Spring and Summer Allergies
The freshly mowed grass and hand-cut flowers often aren't only a sight to see, but an eye sore if you have summer allergies.
Seasonal allergic rhinitis, also known as hay fever, is caused by outdoor allergens. It is more prevalent in the spring, summer and fall months due to heavier pollen and mold counts.
Common Signs and Symptoms of Allergies
- Itchy, red, watery eyes
- Runny, stuffy nose
- Sore, itchy throat
Allergy vs. Cold: How Do You Know?
How can you tell if it is
allergy symptoms vs. cold or flu? The symptoms associated with allergies and colds are often very similar. If your symptoms last longer than 10 days, you may be experiencing symptoms of an allergy.
What Causes an Allergic Reaction?
When the body comes in contact with a bacteria or virus, the body reacts, trying to fight off the harmful intruder. When someone who is allergic to pollen or mold comes in contact with their allergen, the body tries to attack it by releasing histamine and other allergic mediators. This attack is called an allergic reaction.
How to Treat Outdoor Allergies
The best defense against allergies is to avoid the allergen. As it is not always possible to stay indoors,
Boys Town Allergy, Asthma and Immunology recommends:
- Keeping windows shut as much as possible, especially on dry, windy days, or when the pollen count is high.
- Driving with the windows closed and the air conditioning on.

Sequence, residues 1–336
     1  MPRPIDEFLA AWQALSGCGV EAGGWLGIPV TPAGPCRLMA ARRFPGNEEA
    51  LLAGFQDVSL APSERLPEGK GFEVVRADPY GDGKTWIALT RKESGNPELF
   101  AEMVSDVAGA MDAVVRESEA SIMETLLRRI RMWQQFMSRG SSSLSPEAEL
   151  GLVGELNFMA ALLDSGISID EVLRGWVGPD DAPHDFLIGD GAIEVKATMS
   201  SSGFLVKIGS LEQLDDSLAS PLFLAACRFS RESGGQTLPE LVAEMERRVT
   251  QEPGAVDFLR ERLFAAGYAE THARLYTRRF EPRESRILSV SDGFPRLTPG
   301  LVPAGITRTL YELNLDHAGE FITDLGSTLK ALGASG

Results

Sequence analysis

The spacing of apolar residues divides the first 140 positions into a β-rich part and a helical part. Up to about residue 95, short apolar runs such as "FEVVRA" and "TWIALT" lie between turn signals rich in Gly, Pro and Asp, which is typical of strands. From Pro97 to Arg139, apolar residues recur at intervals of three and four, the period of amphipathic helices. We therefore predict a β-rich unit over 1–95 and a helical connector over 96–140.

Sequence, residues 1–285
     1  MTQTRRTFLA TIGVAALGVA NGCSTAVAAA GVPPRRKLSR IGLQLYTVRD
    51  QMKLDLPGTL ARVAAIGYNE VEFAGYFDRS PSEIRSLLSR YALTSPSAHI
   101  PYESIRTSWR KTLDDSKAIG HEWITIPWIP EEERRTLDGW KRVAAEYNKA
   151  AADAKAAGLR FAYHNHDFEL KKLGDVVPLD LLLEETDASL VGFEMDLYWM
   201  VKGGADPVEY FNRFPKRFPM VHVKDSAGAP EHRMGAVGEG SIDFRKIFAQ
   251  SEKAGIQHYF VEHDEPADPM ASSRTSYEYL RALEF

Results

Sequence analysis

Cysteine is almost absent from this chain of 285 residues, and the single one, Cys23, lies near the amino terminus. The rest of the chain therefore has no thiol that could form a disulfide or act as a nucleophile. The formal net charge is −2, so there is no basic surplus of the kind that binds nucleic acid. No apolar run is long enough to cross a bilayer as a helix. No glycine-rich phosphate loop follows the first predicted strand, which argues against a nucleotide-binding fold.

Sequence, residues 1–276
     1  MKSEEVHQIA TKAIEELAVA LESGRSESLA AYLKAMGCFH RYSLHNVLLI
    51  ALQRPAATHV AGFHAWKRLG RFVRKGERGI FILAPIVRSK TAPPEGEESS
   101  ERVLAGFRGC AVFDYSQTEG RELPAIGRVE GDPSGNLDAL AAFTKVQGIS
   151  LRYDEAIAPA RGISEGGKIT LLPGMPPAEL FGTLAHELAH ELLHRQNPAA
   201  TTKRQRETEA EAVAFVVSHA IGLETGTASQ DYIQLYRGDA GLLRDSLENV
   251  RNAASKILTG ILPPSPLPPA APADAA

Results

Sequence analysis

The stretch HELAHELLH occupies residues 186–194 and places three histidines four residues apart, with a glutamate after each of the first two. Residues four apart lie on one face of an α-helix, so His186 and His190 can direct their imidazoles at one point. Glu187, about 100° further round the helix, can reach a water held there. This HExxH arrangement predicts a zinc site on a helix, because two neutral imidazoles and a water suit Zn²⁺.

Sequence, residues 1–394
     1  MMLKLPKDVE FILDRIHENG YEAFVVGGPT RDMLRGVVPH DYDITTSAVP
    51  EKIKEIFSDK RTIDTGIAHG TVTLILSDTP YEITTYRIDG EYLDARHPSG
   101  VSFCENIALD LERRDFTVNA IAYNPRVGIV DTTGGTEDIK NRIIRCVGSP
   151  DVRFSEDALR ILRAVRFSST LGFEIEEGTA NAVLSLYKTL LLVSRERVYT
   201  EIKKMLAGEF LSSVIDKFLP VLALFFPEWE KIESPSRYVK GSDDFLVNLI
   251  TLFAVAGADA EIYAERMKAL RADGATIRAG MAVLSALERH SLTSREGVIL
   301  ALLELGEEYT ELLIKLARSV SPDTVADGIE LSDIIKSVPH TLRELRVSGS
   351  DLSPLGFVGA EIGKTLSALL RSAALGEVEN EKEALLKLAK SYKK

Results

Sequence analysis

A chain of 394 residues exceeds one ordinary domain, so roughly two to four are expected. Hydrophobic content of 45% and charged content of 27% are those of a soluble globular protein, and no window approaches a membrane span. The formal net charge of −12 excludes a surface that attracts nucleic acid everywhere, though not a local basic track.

- Allergy-proofing your yard by eliminating offending plants and staying off freshly mowed lawns.
- Keeping pets (they can track pollen inside) outside. If that is not possible, at least keep them out of your bedroom.
- Changing your clothing after playing/working outside.
- Showering or at least washing hands after being outside.
- Drying clothing with a vented dryer, NOT on a clothesline outside.
Depending on the severity of your allergies, over-the-counter medications may help provide some relief. If the symptoms become worse or bothersome, your primary physician or an allergy physician may recommend oral medications, nasal sprays, eye drops or allergy shots. Always consult with your physician before you begin a medication. If you have questions or concerns about outdoor allergies, contact your primary physician.
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Illness and Injury;Outdoors;Skin Care